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Ofcom: Disabled people less likely to have internet access

Monday, October 5th 2015 by Phil Wilkinson-Jones

Disabled consumers are less likely to have internet access than people who do not have a disability, according to research by Ofcom.

A report from the telecoms regulator, published last week, also found that disabled people are less likely to have access to mobile phones and pay TV – but more likely to have a landline phone and free-to-air TV.

Responding to the findings, disability charities say not getting online makes many everyday tasks more difficult and can even make life more expensive if you cannot compare prices and find the best rates for services.

The report, Disabled consumers’ use of communications services, surveyed 4,004 disabled consumers and 15,859 non-disabled consumers between August and November 2014.

It found that internet access among disabled consumers (65%) was significantly lower than for non-disabled consumers (88%).

Only 49% of consumers with multiple impairments had internet access, compared to 75% of visually-impaired consumers and 73% of those with a learning disability.

Beth Grossman, head of policy at disability charity Scope, said: “The internet is an integral part of modern life, but over a third of disabled people still have no access to it.

“If you’re not online it can be difficult to find a job, search for suitable products, compare prices, seek out advice and information and get the best rate for utilities.

“Life also costs more if you are disabled. Scope research shows that this adds up to on average £550 per month. Internet access is a key tool that disabled people can use to help bring this premium down.”

The report also found that although access to smartphones among disabled consumers had increased from 27% to 41%, it was still well below the 66% of non-disabled consumers.

The research revealed that 77% of disabled consumers had a landline phone in their home compared to 72% of non-disabled consumers. This difference was attributed to the older age profile of the disabled consumers.

'Barriers for disabled people'

Visually-impaired consumers and those with learning disabilities (75% and 66% respectively) had similar levels of access to a landline as non-disabled consumers.

Access to free-to-air TV services such as Freeview or Freesat was higher among disabled respondents (60%) than non-disabled consumers (50%), although this has decreased since 2012 for both groups.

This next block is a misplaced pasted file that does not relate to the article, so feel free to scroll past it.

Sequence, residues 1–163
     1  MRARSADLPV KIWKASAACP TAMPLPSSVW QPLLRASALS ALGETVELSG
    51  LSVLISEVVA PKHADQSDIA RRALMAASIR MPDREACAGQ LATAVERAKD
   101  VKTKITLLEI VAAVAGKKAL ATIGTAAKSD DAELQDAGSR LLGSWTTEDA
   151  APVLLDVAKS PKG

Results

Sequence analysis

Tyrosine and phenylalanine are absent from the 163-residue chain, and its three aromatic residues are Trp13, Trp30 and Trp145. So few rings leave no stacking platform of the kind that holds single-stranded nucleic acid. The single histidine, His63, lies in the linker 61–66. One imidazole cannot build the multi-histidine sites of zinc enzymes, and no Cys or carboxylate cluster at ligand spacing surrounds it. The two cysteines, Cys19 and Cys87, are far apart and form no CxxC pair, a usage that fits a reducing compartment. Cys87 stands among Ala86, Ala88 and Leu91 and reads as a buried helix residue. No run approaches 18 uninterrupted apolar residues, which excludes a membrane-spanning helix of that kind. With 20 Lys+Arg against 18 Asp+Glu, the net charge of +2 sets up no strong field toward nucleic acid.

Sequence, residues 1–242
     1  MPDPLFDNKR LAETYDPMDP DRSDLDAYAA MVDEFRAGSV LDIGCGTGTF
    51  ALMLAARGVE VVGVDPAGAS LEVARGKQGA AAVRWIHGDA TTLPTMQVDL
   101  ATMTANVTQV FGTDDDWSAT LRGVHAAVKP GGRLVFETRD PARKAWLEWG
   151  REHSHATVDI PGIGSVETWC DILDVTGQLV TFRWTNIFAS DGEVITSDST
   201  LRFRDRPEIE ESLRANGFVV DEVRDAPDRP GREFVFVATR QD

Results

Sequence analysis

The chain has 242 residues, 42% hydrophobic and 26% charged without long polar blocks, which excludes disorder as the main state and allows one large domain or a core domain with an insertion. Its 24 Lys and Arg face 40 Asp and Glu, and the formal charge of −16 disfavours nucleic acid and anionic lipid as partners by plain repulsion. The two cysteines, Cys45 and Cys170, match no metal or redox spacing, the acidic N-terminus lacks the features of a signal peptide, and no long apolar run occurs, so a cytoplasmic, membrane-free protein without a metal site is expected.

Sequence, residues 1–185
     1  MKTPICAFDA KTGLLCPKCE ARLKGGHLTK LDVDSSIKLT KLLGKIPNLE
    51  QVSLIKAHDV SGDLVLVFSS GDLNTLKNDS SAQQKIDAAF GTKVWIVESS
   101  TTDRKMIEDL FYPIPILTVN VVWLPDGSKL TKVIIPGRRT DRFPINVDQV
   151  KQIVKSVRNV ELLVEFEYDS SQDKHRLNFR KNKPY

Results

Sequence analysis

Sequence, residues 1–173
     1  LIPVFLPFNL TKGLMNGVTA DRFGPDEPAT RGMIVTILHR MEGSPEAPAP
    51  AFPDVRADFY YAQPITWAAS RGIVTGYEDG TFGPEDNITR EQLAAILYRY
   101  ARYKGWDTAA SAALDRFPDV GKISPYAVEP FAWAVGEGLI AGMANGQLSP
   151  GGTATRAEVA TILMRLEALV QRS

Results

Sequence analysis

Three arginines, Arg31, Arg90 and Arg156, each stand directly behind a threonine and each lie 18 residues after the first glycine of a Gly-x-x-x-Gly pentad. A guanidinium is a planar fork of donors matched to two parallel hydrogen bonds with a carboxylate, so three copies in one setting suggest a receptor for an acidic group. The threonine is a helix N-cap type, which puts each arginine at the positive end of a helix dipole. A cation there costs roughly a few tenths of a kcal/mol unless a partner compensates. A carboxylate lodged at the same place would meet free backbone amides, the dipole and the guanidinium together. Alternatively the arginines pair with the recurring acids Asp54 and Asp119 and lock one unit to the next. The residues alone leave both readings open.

However, disabled consumers (48%) were less likely to have access to pay TV services like Sky or Virgin than non-disabled consumers (55%).

Ms Grossman added: “The government’s digital inclusion strategy has identified poor digital skills and inaccessible web content as key barriers for disabled people using the internet.

“The Equality and Human Rights Commission (EHRC) should investigate this issue further.

“The government has a plan to improve and train people in digital sills and it’s imperative that disabled people are a key part of this project.”

Ismail Kaji, a spokesperson for Mencap, said: “More needs to be done to get more people with a learning disability online, especially as more information and services that are really important are going online as well, such as bank statements, paying bills and applying for benefits.

“However, accessing the internet can often be difficult for people with a learning disability and it is not made easy with confusing manuals, forms and website.

“Once online it is also really important people get information on how to stay safe.”

Mr Kaji, who has a learning disability, said he has signed up to services because he didn’t understand the emails asking for his personal details.

“I realised later it was for a subscription and I had to call up and cancel, which was very expensive.

“There needs to be more information out there on how people can and should access the internet. Especially as cyber bullying is a real problem for people with a learning disability.”

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